Transit and Wildlife at Baseball Games: Flora, Fauna and Human



Here’s another piece about getting there[1] by public transportation: this week, let’s go to the ball game (e.g., a baseball game between the Nationals and NY Mets, 4/30/17).  (Whilst it’s true you can get from DC to Baltimore to see the Orioles, it’s *much* easier to see the “home team” at Navy Yard!)

Most people who don’t drive to the stadium will take the train to [Green Line’s] Navy Yard-Ballpark Station and exit at M & Half Streets, SE, walking 0.6 miles to the stadium. On the train, it’s usually easy to spot fellow fans with their distinctive garb: “W” baseball caps often in white, red or blue and t-shirts or sports jerseys of favorite players[2].  On the lower half, while shorts may predominate, pants make a stronger showing than professional suits or skirts. (N.B., when the game is over, Metro wants you to enter the system via M Street & New Jersey Ave SE; adding another 2 and a half blocks beyond the distance originally walked to the navigation inside the stadium between entrance, seat, restrooms and concession/s.)

If you’ve started at Gallery Place Metro Station, WMATA recommends the Green Line train over the 74 bus, even though the bus is frequently the same price ($1.75/off peak price) or less (peak price) and gets you closer (Half & O Streets, SW; 0.2 miles), since most seem to prefer the frequency of the train (when not in Safe Track mode) to an every twenty minutes, bus.  It will also run fairly late; the last trip Sunday night is at 12:02 am; i.e., a baseball fan’ll get out of the neighborhood but might not have a connection all the way home.



One of the unfortunate habits of weeds (aka, unwanted vegetation or plant/s growing where you didn’t want them) is their spread.  I.e., you don’t have a single dandelion (Taraxacum officinale); instead, you have fifteen to twenty yellow flowers smirking at you in what you thought was a weed-free lawn.  The baseball park itself, has a gorgeous Kentucky blue grass expanse on the playing field that excites green eyes in lawn aficionados.  Most of us are unwilling pay to have a 42 employee grounds crew working on our lawn or garden.  While many of us water our growing areas, how many of us irrigate?  DC residents who participate in the RiverSmart program can collect (free!) rain to water their gardens with either the RainGrid RiverSides rain barrel (132 gallons), Stormworks Hydra rain barrel (116 gallons) or purchase a commercial barrel and receive a rebate of $2 per gallon captured.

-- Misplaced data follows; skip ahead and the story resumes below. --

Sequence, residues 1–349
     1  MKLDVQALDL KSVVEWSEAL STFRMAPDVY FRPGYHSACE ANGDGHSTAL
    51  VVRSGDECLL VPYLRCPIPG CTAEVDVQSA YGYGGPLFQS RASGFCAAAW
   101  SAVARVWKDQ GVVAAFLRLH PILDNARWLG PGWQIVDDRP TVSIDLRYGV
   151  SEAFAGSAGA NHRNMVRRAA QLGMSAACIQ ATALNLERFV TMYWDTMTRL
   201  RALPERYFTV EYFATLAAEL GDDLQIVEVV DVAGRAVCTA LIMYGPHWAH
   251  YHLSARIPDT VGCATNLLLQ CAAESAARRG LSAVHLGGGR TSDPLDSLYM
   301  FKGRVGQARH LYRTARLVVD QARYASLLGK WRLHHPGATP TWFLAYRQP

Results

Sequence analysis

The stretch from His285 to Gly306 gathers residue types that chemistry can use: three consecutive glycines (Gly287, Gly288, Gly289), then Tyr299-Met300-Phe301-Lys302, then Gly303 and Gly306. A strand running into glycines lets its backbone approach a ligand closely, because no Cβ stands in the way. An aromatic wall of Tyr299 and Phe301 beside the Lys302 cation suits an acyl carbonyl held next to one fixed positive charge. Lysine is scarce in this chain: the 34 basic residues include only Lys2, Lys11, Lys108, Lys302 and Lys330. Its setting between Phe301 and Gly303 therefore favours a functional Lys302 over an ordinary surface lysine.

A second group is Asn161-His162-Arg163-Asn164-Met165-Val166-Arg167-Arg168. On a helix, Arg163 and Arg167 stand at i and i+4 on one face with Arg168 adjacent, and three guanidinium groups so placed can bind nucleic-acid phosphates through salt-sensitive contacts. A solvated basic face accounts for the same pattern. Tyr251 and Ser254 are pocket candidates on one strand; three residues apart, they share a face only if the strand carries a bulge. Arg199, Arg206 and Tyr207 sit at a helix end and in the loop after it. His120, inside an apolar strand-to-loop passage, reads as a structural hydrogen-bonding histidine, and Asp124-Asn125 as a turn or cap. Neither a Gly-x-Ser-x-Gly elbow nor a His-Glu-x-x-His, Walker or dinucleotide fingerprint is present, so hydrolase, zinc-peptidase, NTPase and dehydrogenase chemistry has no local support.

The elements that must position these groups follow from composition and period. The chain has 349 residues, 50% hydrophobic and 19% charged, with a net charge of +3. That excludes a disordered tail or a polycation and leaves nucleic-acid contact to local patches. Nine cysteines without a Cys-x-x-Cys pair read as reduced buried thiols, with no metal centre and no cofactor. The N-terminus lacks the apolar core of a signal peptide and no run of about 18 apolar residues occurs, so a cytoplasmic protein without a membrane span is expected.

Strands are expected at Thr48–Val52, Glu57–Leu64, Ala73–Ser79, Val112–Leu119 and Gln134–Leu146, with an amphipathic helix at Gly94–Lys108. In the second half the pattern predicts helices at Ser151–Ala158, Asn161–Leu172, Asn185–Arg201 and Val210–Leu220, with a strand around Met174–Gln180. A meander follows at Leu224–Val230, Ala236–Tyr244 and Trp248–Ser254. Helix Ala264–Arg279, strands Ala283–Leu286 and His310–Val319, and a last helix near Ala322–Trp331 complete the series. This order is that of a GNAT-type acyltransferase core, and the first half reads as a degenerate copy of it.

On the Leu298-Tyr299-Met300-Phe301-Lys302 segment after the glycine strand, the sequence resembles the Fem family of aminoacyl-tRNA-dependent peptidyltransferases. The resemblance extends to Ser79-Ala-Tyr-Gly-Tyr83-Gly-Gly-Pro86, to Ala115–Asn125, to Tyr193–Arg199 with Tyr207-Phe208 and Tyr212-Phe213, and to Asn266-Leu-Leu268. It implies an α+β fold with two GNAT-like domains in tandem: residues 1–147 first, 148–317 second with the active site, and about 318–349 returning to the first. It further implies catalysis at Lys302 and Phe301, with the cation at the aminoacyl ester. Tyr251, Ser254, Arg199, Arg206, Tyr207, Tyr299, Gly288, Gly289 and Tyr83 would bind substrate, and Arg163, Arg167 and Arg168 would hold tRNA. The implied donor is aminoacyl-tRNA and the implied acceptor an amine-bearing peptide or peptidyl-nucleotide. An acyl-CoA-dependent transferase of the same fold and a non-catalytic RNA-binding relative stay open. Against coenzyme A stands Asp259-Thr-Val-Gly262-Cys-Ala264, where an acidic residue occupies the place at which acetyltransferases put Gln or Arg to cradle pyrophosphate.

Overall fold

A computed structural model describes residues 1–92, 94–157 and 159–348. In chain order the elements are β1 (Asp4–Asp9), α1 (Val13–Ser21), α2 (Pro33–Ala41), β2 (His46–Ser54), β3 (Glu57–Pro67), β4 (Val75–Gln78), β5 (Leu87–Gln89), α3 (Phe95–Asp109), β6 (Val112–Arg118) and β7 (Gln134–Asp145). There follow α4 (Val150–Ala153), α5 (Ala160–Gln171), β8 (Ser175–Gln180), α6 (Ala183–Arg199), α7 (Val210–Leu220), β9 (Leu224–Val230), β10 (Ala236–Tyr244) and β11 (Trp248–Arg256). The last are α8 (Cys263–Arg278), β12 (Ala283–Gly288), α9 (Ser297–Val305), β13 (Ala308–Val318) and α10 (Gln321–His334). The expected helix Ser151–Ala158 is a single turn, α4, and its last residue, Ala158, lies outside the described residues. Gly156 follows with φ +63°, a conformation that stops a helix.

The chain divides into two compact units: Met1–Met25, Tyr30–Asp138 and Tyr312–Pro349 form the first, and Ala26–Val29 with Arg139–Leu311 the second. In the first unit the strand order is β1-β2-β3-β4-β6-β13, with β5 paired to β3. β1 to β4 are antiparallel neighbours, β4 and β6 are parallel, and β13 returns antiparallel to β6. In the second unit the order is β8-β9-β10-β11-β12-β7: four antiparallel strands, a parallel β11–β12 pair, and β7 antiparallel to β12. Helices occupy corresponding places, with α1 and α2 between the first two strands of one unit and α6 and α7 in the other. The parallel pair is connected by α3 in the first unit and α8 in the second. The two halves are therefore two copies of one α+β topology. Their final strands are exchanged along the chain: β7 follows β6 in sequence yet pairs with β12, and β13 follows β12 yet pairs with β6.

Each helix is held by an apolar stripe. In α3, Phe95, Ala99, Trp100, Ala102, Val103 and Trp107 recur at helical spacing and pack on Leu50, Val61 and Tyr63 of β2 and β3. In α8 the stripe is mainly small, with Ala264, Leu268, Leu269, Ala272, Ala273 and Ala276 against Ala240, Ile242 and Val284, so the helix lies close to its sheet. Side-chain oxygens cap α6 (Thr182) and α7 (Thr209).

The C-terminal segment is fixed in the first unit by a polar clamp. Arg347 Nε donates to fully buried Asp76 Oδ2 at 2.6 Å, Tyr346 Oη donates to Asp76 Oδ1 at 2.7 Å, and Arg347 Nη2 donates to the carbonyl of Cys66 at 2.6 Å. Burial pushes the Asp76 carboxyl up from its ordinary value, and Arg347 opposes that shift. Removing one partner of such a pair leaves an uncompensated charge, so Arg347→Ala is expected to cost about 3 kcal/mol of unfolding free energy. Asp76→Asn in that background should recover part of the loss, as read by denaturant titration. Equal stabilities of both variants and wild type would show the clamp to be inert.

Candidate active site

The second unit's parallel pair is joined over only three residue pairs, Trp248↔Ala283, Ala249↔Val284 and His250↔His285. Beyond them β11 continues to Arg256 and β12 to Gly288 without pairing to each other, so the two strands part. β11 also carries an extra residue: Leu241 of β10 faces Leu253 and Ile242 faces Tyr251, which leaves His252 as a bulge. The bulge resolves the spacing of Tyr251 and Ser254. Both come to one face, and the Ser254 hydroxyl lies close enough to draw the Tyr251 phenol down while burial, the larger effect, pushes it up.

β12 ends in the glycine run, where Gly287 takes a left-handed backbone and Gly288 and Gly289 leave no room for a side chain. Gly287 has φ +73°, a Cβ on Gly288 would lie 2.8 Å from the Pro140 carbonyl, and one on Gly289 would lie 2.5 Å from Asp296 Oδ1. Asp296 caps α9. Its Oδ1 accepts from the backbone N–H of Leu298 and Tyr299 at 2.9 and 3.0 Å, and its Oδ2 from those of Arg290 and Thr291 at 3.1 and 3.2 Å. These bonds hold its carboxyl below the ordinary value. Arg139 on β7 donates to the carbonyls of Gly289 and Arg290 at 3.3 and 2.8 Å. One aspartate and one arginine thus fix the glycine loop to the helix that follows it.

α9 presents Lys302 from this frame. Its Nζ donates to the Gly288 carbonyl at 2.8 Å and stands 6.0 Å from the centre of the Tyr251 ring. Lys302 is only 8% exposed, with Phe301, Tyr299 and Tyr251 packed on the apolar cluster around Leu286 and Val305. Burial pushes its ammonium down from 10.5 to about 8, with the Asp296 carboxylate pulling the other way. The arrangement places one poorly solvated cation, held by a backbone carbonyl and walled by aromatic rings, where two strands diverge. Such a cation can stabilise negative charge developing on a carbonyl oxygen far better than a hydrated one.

Despite what are probably gallons of herbicide and insecticide on the grounds and stands, it’s often easy for your eye to be caught by the flight of living or inanimate object/s.  Some of these are baseballs for the lucky to catch (but are often trash or detritus), but these can also be butterflies, dragonflies, starlings or sparrows.  On Sunday April 30th (2017), I saw dragonflies (twice but didn’t get photos [drat!]) and starlings, in addition to the frequent foul balls, pop flies and home runs, in a Crackerjack effort by the Nationals over the Mets, 23 to 5.

Like a floral weed, the human squatter spreads themselves on the field (and in the stands), frequently across (what your ticket proclaims is your paid for) seat.  If you’re assertive enough, the ticket holder is aided by the stadium staff who will arbitrate the discussion (and removal of items) from your chair (and beverage holder).  The passive aggressive personality may instead take themselves to an unoccupied seat whose occupant may/may not show for the cycle to repeat.

No matter how you get there (although the above gives public transportation options!); root, root root for the home team at the old ball game!


[1] “Getting there” is actually both departing to a desired destination and returning home

[2] The MVP of the 4/30/17 game, Nationals third baseman Anthony Rendon went 6-for-6 with a double, three homers, five runs scored and 10 RBIs against the Mets.  Chances of seeing Rendon/6 jerseys seen will probably rise.

Ramona Winkelbauer is part of the GovLoop Featured Blogger program, where we feature blog posts by government voices from all across the country (and world!). To see more Featured Blogger posts, click here.

Leave a Comment

Leave a comment

Leave a Reply